I have been teaching “Design Methods and Research” to undergraduates in the Industrial Design program at CCA. It is a required class, which is good and bad. The department believes Design Research to be useful for their students, but the students may not have CHOSEN to take the class.
I am often contemplating what the essentials of Design Research might be. If you could only teach a few elements of Design Research, would you focus on a process or technique? Would you put most of your energy into making them good interviewers? Or try to make all the basic methods familiar to them? Would you cover the cut-and-dry basics that will help them to evaluate their designs, or focus on the more experimental methods for inspiration?
I have to admit that cut-and-dry is not where my passions lie. And to be a good researcher in that way requires much more than a single class. So Lucie and I have focused on the process of user centered design with the goal of understanding people in order to inspire great designs. A difficulty in teaching this way is that the process is vague, the tools are vague, there is a reliance on individual imagination and interpretation that takes time to develop when you don’t know or trust the process. As a result, the first half of the semester is confusing and loose for the students, but exciting in the end.
Still, I am always looking for a better approach. Today, as I was reading through the advice from selected graduating students to offer as the graduation speech, one anonymous student stood out because he or she was the only one to talk about gaining inspiration from others. Most art students will talk about their own creativity, thank their teachers for making them into confident, passionate, inspired artists. But this student said this,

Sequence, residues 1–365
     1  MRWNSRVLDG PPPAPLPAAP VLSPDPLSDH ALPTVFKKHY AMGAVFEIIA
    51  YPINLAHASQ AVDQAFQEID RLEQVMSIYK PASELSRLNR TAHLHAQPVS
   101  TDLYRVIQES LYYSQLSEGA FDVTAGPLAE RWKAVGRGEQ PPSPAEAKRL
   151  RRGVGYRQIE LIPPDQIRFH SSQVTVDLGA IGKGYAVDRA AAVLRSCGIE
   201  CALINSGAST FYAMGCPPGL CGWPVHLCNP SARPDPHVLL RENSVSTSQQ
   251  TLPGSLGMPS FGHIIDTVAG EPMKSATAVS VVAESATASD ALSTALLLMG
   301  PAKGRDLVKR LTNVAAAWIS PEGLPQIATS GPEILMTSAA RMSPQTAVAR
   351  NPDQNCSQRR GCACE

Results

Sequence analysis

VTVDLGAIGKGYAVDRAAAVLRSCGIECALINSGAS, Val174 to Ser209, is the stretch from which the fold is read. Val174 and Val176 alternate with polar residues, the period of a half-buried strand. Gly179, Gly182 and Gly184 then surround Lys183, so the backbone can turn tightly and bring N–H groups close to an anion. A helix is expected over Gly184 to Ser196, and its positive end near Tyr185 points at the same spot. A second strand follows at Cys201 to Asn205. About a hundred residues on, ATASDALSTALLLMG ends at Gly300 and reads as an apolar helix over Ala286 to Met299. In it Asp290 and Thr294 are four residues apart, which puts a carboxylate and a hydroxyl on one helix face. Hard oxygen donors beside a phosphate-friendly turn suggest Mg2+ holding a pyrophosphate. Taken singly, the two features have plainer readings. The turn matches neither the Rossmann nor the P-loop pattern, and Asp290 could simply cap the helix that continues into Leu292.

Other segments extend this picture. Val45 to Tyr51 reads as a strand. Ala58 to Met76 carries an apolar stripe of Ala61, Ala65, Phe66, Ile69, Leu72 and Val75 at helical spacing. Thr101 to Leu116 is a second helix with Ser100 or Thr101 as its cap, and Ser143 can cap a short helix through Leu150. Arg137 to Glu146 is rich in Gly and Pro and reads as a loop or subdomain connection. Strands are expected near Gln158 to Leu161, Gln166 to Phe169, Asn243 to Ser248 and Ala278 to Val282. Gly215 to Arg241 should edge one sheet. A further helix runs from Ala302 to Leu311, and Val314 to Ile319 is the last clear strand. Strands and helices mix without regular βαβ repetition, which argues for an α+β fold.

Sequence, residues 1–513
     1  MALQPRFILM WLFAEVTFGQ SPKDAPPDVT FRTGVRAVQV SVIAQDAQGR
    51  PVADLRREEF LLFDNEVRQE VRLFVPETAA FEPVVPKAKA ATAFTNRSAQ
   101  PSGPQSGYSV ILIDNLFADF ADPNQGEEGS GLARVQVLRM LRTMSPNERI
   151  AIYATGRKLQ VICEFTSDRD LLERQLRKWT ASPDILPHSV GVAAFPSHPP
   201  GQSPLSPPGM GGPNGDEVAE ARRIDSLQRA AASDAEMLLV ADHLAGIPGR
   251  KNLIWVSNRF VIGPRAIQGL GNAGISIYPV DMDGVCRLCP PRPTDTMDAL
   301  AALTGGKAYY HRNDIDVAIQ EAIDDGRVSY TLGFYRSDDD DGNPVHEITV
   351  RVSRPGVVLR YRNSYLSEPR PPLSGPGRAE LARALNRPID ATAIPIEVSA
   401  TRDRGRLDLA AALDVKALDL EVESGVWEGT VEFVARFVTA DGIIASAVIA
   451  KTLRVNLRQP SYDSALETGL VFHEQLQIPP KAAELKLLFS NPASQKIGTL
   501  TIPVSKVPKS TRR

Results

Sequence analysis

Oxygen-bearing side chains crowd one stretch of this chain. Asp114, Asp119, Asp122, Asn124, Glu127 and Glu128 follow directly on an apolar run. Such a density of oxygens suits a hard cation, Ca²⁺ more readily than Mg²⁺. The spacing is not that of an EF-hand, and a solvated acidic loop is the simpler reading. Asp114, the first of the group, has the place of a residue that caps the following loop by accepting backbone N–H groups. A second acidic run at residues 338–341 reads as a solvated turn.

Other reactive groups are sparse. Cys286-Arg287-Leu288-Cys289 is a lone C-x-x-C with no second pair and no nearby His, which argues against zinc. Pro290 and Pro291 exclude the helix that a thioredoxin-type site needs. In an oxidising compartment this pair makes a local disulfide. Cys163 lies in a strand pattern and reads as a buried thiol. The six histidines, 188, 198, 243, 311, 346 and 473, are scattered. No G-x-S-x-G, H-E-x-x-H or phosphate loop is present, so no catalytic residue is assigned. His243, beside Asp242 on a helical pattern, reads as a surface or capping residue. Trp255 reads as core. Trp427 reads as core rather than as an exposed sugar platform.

Making impact doesn’t just mean inviting people into your world and your vision, but immersing yourself into the worlds of others — even if it means exposing your weaknesses, fears and aversions. This is because the division of our identities as artists or non-artists are inauthentic and increasingly irrelevant. Therefore, our community’s role in society is to help expose the flaws in relying on such divisions of identities in service of a more united, sustainable, beautiful, and meaningful world.
I was inspired by that. It makes me want to focus on the ENJOYMENT of Design Research. To focus my energy on helping the students love to talk with others about their work and love the process of learning about and design for another.
I coul imagine breaking it down into three areas:
– Understanding other contexts by immersing yourself
– Rich conversations to inspire
– Gathering honest feedback
It feels like more of an Art class than a Design class, but that could be a good thing. Inspiration is more useful than validation. And serious researchers are better at validation anyways. My director at Yahoo told me once that his goal was to create such an informed set of designers that we would not have to conduct any usability research– the designers would have so much knowledge going into the design process that they would be their own testers. Therefore, I am more interested in setting my young designers out on the right foot in their design processes, informed and inspired.